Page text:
The Book Thief

Critics Consensus

A bit too safe in its handling of its Nazi Germany setting, The Book Thief counters its constraints with a respectful tone and strong performances.

47%

TOMATOMETER

Total Count: 147

73%

Audience Score

User Ratings: 50,172
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The Book Thief Photos

Movie Info

Based on the beloved international bestselling book, The Book Thief tells the story of an extraordinary, spirited young girl sent to live with a foster family in WWII Germany. Intrigued by the only book she brought with her, she begins collecting books as she finds them. With the help of her new parents and a secret guest under the stairs, she learns to read and creates a magical world that inspires them all.

Cast

Roger Allam
as Death, Narrator
Heike Makatsch
as Liesel's Mother
Julian Lehmann
as Liesel's Brother
Gotthard Lange
as Grave Digger
Kirsten Block
as Frau Heinrich
Ludger Bokelmann
as Football Urchin #1
Paul Schalper
as Football Urchin #2
Nozomi Linus Kaisar
as Fat Faced Goalie
Oliver Stokowski
as Alex Steiner
Robert Beyers
as Jewish Accountant
Levin Liam
as Franz Deutscher
Rafael Gareisen
as Walter Nazi Soldier
Carl Heinz Choynski
as Jüergen the Groundsman
Carina Wiese
as Barbara Steiner
Rainer Bock
as Buergmeister Hermann
Barbara Auer
as Ilsa Hermann
Sebastian Hülk
as Gestapo Agent
Beata Lehmann
as Woman with Champagne
Laina Schwarz
as Neighbor
Georg Tryphon
as Neighbor
Martin Ontrop
as Herr Lehmann
Jan Andres
as Fellow Conscript
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News & Interviews for The Book Thief

Critic Reviews for The Book Thief

All Critics (147) | Top Critics (45) | Fresh (69) | Rotten (78)

  • The Book Thief has stolen my heart. To describe the film in a word, it's quite simply, magnificent.

    January 7, 2020 | Full Review…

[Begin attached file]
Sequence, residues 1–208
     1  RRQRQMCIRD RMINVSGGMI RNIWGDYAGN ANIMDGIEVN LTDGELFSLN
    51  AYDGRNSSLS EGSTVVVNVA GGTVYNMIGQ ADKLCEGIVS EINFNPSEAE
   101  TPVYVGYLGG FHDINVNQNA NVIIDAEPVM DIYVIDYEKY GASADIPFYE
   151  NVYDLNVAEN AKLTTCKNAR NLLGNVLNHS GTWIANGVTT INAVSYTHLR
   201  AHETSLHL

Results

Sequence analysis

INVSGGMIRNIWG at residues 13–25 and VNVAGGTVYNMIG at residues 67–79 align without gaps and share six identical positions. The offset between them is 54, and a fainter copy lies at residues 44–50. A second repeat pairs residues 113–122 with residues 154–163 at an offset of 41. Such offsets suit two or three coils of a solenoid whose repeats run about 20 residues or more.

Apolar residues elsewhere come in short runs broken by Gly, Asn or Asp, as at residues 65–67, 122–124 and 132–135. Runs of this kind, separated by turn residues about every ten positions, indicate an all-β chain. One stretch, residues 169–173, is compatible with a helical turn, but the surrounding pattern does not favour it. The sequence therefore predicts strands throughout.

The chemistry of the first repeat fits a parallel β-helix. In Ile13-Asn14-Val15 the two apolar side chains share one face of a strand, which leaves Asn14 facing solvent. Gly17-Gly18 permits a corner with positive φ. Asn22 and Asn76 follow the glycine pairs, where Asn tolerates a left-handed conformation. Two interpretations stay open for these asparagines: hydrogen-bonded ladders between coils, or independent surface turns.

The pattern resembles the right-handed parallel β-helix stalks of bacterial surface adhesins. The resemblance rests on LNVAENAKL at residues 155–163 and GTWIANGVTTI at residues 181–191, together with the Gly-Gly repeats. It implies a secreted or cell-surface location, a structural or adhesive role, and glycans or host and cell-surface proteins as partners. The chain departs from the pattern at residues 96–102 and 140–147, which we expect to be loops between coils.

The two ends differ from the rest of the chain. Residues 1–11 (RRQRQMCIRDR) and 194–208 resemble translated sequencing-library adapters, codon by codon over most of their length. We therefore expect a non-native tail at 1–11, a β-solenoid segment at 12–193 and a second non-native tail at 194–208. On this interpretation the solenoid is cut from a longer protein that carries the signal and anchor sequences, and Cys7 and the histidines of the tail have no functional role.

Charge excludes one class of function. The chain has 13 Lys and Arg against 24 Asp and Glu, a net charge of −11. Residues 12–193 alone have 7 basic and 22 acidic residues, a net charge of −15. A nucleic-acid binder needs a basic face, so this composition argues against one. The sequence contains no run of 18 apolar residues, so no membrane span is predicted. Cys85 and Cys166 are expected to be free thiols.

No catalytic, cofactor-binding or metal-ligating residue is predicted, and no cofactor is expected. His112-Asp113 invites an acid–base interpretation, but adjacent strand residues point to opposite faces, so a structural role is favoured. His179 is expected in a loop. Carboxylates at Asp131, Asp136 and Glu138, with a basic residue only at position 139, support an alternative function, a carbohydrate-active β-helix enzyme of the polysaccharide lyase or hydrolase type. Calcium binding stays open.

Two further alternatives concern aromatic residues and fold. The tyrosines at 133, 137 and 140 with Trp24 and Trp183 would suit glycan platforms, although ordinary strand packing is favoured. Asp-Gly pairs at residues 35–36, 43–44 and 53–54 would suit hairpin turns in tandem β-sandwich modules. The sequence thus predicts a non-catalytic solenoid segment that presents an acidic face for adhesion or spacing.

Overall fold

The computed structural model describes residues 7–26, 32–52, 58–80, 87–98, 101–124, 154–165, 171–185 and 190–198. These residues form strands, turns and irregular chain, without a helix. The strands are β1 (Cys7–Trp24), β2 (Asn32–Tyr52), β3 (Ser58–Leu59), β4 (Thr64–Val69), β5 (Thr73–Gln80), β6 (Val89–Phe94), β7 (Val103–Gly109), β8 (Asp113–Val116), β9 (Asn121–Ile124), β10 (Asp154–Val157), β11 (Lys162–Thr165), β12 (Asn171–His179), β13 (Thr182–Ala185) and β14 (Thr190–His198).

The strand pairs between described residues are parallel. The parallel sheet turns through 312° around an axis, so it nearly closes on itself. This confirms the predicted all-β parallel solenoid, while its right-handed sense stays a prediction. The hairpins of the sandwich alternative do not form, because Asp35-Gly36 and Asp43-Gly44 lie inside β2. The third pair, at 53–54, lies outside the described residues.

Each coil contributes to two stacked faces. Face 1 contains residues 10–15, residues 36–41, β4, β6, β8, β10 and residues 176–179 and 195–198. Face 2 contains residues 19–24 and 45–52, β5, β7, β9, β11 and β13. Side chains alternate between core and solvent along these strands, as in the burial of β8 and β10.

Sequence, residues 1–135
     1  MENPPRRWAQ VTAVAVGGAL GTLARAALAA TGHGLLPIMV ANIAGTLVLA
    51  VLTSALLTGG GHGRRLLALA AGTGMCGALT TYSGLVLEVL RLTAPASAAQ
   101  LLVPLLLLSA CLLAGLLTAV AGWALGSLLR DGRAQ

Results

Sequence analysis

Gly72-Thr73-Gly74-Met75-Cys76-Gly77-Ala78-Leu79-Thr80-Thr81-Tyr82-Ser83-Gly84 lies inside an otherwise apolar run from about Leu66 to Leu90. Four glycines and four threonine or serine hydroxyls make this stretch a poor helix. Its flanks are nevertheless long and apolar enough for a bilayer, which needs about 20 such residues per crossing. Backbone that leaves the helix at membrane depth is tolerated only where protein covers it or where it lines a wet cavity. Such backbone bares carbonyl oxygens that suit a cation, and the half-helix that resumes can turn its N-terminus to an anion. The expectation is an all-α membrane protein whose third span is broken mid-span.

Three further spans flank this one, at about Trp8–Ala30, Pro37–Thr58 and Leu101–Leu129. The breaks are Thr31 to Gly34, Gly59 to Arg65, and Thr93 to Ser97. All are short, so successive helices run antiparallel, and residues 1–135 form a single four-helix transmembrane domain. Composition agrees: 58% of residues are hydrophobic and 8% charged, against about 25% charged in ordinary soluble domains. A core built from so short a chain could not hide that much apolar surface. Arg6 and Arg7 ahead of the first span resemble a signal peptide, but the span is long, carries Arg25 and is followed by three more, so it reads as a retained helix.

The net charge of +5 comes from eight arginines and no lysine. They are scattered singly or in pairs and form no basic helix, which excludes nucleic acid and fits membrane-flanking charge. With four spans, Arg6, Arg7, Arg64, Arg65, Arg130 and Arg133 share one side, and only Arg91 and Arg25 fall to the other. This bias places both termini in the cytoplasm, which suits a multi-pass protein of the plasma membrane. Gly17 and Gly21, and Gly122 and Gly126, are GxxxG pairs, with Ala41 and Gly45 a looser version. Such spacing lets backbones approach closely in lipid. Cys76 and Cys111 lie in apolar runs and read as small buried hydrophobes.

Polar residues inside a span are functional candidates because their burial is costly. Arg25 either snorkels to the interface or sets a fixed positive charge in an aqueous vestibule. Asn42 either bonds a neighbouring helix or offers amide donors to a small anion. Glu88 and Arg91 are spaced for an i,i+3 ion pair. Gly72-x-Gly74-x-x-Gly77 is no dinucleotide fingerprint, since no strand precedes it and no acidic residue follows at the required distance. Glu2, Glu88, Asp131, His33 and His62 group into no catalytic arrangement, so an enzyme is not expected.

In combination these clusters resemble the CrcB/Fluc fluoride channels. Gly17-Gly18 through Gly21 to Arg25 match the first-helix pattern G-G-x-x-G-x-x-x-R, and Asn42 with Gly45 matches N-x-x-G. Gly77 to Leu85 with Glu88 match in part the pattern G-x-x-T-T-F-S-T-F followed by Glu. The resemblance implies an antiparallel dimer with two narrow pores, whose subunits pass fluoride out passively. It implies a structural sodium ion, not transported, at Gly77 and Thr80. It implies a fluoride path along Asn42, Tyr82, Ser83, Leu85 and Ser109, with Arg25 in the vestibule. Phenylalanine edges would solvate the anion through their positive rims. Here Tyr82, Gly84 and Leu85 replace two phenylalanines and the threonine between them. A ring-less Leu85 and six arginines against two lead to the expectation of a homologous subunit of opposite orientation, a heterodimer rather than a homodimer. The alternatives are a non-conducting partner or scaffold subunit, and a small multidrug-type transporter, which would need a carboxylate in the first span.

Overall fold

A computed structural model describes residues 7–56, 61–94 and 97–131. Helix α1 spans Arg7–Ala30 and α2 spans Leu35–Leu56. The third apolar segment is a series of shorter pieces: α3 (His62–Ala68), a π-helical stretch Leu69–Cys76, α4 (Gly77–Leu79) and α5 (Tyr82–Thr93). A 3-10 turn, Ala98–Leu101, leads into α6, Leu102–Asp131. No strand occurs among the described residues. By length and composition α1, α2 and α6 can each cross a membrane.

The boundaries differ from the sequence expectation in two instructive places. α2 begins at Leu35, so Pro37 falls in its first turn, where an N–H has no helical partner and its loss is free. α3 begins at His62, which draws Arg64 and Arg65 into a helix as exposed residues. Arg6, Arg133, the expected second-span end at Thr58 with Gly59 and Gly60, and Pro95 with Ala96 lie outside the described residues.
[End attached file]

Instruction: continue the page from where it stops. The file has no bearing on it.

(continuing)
• As it is, The Book Thief still finds its way into your heart slowly and over time, and it stays there way after leaving the theater.

    July 31, 2019 | Rating: 3/5 | Full Review…
  • It may span the most significant decades of last century, but The Book Thief pretty much boils down to girl-lives-with-family, girl-learns-to-read - for two hours.

    June 8, 2019 | Rating: 2/5 | Full Review…
  • Opening with a sweeping shot of a train racing on snow-covered tracks, a title card reads 'Germany, February 1938'. This kind of vagueness sets up a film that brushes past details in favour of a broad-strokes Nazi movie for the whole family.

    December 11, 2018 | Rating: 2/5 | Full Review…
  • The film is nothing more than a cliche, trying to introduce the subject of war to younger viewers without offering anything of interest to older ones.

    October 21, 2018 | Rating: 2/5 | Full Review…
  • The film has essentially been commissioned on the say-so of pinot-guzzling, chick-lit-licking chocoholics, and it shows. Boy, it's dull and pointless.

    February 22, 2018 | Rating: 1/5 | Full Review…

Audience Reviews for The Book Thief

  • Feb 22, 2016
    It's not even that bad. It's just that the film, lacking in the source material's depth and forceful grip, failed to meet the demands of such a powerful and compelling book.
    Maymay A Super Reviewer
  • Apr 15, 2014